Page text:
The wedding followed the introductions by weeks. The troubles followed the wedding within subjective microseconds, and in later years Middle Son had blotted most of them from his memory. It wasn't deliberate. He just naturally formed the habit of erasing certain memories – the unpleasant ones. Since he probably also possessed the childish trait of adding other, made-up memories, any memoir he might have thought to write about that period would necessarily be more than usually undependable. But he didn't bother to replace the erased memories, which meant that large chunks of his childhood remained blank to him for the rest of his life. This included virtually everything about his stepmother. Her indifference toward her new children grew, in the fullness of time, to active dislike. She was never coy about it, give her that. She had very direct ways of dealing with things she didn't like.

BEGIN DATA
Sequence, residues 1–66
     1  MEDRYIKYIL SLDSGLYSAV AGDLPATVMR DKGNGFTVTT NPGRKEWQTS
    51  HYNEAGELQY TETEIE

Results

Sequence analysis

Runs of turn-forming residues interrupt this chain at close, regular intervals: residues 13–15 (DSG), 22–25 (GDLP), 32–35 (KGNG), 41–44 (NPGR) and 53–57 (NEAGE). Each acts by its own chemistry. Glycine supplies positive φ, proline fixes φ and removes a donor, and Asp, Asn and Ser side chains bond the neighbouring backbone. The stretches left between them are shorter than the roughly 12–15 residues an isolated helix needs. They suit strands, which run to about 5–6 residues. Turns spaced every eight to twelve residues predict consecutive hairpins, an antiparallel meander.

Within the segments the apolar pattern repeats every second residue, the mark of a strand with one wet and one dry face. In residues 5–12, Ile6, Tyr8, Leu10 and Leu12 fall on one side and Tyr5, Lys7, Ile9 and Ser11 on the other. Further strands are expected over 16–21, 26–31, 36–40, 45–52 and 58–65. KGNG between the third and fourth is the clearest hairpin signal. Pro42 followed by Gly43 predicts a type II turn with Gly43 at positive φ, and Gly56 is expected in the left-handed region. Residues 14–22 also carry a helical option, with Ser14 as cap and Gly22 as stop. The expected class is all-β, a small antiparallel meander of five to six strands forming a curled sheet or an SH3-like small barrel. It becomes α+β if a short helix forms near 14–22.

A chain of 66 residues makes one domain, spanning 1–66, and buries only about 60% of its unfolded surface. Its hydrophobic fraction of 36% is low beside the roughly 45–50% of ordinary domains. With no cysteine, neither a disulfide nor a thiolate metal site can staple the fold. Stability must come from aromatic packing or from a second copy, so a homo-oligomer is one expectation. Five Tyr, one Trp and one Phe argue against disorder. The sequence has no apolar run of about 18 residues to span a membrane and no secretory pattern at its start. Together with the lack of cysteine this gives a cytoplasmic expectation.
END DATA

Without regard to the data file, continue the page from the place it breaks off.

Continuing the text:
Widower seemed to have a lot of trouble holding jobs. This became a permanent trait. Middle Son was puzzled by this, when he grew a bit older and began trying to analyze things outside himself. The Widower seemed to be very good at his trade, to the extent that Middle Son was entitled to an opinion. Skillful and competent. His problem, as far as Middle Son could tell, was that he just completely hated it and for reasons related to that hatred he got fired a lot. Or maybe he quit; insufficient data. Either way, when you've used up all the job opportunities in a particular area you move to another area and start over. Widower moved a lot. So did his … well, for lack of a better word let's call it a “family.”